One of the basic tenets of operating a business is to ensure employees receive paychecks accurately and on time. Failure to do so leaves management and owners vulnerable to high employee turnover, low morale, and increased likelihood of fraud. Although instances of suboptimal cash flow can contribute to difficulty in meeting payroll obligations, a poorly designed or insufficient payroll system is much more likely to cause such a problem.

In the days of physical time cards and punch clocks, errors in payroll accounting were normally due to employees’ failure to properly record time worked, the accountant’s calculation of pay and benefits, or other clerical missteps. With the advent of payroll software for accountants, however, the errors associated with relying on manual calculations have largely been eradicated.

Selection of a payroll accounting software solution begins with consideration of a business’ unique needs. Such factors include number and relative location of employees, industry standards related to pay rates and benefits provided, and reporting requirements. Government contractors, for instance, are required to submit periodic reports as evidence of adherence to required levels of pay and benefits, based on employee title and experience. A bare bones payroll software service will be sufficient for paying employees timely but may be sorely lacking when the time comes for report submission. The worst-case scenario is being unable to file required reports, including taxes, which can lead to costly fines and loss of revenue.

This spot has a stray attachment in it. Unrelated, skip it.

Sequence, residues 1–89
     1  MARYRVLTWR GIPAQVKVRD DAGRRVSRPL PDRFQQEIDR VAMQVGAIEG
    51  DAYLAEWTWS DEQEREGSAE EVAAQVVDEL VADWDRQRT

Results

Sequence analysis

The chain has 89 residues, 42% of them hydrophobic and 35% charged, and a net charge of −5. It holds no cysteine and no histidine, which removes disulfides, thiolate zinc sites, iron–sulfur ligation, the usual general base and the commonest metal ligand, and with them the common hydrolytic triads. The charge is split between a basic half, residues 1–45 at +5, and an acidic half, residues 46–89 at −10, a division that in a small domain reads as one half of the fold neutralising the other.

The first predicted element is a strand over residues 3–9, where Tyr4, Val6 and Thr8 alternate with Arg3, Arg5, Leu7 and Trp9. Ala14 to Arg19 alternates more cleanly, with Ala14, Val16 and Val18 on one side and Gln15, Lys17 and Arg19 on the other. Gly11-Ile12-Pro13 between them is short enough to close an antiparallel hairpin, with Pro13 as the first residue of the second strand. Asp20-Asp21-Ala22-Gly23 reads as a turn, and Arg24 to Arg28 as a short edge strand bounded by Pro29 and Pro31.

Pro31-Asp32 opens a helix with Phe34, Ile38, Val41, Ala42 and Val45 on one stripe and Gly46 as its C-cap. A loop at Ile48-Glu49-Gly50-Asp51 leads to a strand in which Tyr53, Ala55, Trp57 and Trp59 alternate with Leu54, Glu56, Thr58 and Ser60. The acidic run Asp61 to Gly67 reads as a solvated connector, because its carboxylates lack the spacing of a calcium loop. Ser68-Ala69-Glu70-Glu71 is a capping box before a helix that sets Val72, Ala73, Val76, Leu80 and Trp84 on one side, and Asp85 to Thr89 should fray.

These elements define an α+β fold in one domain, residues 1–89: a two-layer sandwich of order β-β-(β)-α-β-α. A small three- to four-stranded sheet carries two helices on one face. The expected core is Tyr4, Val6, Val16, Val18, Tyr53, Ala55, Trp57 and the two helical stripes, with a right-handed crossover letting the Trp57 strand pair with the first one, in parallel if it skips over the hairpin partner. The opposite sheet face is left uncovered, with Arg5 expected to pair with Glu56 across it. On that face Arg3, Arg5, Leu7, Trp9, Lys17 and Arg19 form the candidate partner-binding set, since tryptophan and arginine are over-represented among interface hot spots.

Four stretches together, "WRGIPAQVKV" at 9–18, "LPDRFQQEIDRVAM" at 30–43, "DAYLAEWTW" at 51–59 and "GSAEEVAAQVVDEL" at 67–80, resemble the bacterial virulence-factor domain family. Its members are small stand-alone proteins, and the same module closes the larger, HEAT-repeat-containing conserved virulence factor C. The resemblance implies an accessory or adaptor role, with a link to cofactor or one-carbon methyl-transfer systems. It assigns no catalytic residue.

Well-designed payroll software systems offer features to simplify the employee onboarding process, including obtaining tax and benefit information. Employees are normally provided with their own login profiles, allowing personal information to be entered and updated as necessary without any additional work on the accountant’s part. Also eliminated are the piles of paperwork normally associated with such changes.

Before deciding upon a software solution, it is wise to request a demo from the software developer. A demo will not only allow prospective users to briefly evaluate the interface and features but will also provide the opportunity to ascertain the level of customer service to be expected in the future. If the software or communication from the developer is found to be lacking during the demo, it is a clear warning of possible problems during actual use.

The final step in setting up a new payroll software service is the transition from the previous service, whether from a competing software service or other method. In the case of a software-to-software transition, users should gather as much information up front regarding the timelines and ease of the transition, in addition to the level of support available during the process. The developer of the new software should be able to provide a general idea of the degree to which the transition will be delayed if certain problems should arise.

As payroll accounting software responds to the needs of the marketplace, updated features and completely new offerings are made available frequently. When deciding on the best method for paying employees, be prepared to spend some time researching, testing, and asking questions. In most cases, the time spent upfront will be rewarded with accurate and timely payroll processing in the future.